Critter Culture
Simple Tips to Make Christmas Safe for Your Cat

Simple Tips to Make Christmas Safe for Your Cat

Critter Culture Staff



If there's any season when curiosity strikes your cat, it's Christmas. Lost in the shuffle of shopping, wrapping, decorating, and family get-togethers, your cat could mistakenly find themselves in a bind. They'll stare at new goodies for hours on end while working their way in and out of your boxes, getting tangled up in over-the-top decorations or lost and alone when your social calendar shifts. While you want to leave them space to explore and have fun, safety is paramount. Learn how to keep your cat safe this holiday season.


Keep candles at bay

Candles are a Christmas staple, but exercise caution when your cat's anywhere near flames or the aftermath. In fact, candles shouldn't be your only concern; your fireplace, decor, and outdoor bonfire are just as paramount. After you extinguish the flame, your kitty will be more than happy to make its way through the ashes — not good and definitely not safe, especially if embers remain underneath. Not only could this endanger your cat, but it could damage your home's interiors as they scurry down the halls covered in soot. Keep the two separate when possible, and always ensure that flames are fully extinguished.

Curious cat looking at a candle light holder on a window sill. Selective focus. Jelena990 / Getty Images


Stay away from the sweaters

While your dog will go gaga over cushy Christmas sweaters, puppy gloves, and other holiday-themed gear, your cat isn't a fan. Their coat keeps them plenty warm, so there's no need for extra clothes any time of the year. From a feline's perspective, that adorable tree-covered sweater is a stuffy, itchy, and uncomfortable non-necessity. Skip the costumes and allow your cat to savor the season as is.

A girl posing for a Christmas card wearing a candy cane head band holding a black cat wearing moose antlers. Shannon M. Lutman / Getty Images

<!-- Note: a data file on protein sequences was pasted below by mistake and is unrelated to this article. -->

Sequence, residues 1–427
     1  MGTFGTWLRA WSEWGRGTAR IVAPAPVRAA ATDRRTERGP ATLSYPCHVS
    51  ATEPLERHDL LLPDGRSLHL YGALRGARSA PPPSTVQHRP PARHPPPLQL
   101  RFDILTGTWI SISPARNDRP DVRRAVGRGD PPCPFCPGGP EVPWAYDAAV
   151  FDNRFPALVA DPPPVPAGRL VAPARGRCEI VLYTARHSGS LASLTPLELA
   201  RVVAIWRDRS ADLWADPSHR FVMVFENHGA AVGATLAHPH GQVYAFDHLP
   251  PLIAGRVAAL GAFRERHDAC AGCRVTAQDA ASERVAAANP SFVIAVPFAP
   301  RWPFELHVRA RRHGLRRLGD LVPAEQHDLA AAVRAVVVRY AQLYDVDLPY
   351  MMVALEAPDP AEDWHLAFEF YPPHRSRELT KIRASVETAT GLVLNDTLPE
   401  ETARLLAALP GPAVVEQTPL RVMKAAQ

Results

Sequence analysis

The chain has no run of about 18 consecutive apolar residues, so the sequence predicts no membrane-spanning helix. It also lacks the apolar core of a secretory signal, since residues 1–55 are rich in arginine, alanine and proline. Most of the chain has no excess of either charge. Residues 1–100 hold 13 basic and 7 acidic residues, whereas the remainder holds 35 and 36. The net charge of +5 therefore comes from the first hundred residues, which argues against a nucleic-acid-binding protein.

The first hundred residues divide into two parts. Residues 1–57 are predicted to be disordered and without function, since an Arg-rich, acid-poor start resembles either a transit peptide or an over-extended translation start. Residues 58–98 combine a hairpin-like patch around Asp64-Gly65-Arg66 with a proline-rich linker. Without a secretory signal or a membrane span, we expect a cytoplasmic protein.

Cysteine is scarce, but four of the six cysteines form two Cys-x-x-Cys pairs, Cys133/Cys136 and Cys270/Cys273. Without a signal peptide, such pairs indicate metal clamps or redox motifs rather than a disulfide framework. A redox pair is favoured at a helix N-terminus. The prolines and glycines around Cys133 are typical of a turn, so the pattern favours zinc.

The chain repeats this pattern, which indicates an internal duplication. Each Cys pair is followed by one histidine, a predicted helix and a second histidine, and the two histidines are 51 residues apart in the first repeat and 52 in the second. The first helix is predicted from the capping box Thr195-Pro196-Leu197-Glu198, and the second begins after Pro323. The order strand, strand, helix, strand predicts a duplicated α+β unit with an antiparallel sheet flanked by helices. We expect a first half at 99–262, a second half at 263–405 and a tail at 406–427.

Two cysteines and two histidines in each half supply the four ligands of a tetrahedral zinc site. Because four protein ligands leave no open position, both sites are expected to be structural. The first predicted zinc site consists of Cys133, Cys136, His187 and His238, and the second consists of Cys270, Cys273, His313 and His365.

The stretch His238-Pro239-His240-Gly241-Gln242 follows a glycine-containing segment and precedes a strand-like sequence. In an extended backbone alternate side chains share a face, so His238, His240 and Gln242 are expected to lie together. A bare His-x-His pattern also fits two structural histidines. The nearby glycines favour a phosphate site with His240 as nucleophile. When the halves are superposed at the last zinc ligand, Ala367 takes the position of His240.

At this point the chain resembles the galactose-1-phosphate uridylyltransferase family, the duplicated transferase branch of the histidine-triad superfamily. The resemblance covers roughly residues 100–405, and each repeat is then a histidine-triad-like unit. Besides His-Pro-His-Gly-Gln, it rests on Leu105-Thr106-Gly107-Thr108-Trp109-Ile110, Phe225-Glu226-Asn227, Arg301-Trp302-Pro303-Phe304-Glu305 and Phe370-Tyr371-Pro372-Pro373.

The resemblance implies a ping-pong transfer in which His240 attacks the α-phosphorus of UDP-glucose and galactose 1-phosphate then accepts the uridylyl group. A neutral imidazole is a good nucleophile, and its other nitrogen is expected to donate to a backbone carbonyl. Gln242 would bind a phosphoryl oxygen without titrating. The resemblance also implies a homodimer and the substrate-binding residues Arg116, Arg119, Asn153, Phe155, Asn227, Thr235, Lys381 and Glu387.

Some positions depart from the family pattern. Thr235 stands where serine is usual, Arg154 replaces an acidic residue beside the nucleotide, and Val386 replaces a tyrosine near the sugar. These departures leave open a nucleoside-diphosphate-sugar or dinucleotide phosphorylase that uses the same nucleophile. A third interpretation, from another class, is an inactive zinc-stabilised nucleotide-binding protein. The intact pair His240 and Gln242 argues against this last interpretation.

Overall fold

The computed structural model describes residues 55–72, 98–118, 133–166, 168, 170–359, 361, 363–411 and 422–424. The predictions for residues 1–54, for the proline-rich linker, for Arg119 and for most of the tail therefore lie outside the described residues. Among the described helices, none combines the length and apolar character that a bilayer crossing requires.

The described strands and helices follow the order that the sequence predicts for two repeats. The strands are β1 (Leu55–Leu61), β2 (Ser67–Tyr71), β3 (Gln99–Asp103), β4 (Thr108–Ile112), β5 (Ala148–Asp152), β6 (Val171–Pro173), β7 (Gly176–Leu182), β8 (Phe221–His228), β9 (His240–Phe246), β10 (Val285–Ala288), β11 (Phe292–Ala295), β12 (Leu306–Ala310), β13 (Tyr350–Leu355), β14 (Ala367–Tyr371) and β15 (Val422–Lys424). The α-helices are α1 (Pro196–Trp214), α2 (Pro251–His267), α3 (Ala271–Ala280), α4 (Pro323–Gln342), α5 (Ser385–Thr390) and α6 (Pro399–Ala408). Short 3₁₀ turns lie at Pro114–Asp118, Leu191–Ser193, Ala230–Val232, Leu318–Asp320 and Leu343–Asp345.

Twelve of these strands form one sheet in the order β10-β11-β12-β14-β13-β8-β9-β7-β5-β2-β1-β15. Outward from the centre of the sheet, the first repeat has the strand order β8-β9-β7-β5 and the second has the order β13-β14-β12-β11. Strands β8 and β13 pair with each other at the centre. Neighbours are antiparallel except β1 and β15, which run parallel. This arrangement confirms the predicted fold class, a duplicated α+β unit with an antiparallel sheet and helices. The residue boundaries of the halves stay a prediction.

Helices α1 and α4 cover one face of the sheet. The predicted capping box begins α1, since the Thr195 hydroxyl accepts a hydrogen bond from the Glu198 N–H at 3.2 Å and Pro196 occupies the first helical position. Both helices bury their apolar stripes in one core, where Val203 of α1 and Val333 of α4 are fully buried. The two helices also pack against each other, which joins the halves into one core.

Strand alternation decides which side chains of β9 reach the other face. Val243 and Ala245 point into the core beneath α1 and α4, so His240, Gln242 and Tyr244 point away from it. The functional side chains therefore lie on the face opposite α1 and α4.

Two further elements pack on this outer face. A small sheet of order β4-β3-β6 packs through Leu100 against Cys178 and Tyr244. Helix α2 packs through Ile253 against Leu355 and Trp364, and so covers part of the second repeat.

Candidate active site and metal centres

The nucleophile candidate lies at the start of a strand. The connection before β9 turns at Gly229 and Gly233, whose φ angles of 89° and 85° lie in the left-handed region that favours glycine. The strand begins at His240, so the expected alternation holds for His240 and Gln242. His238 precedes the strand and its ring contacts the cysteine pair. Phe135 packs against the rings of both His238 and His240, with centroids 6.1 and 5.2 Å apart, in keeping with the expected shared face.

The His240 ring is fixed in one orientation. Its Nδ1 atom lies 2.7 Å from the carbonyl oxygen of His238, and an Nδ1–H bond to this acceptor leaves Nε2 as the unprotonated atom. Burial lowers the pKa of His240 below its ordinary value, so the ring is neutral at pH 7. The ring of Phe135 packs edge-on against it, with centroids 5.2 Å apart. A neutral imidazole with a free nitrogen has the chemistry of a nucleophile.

Watch your guest list

Cats don't deal well with discomfort; they're loyal to their home turf and prefer things as is, which makes adaptation difficult, so be extra mindful this time of year. Since your cat's used to the people, places, and routines in their day-to-day life, switching it up causes significant stress and anxiety. Strangers scurrying through the house, babies crying, and small children chasing after them are too much for cats, especially kittens. Keep the guest list to a minimum if possible, and while they're around, ensure that your cat has their own piece of paradise with a cozy bed, toys, and some welcome peace and quiet.

Portrait of senior couple with their granddaughter and pets. filmstudio / Getty Images


Give them as-needed attention

While you're scurrying around shopping, wrapping presents, and decorating your abode, it's easy to lose sight of your cat and neglect their needs. Take your cat into consideration and provide them with plenty of attention during this special time. They're not fond of the holiday hustle and just want some special time with you to connect and relax. Make space in your busy schedule for some lap time, nap time, and fun with your feline friend.

ginger cat and human legs on the bed, christmas cozy evening Irina Gutyryak / Getty Images


Keep an eye on the tree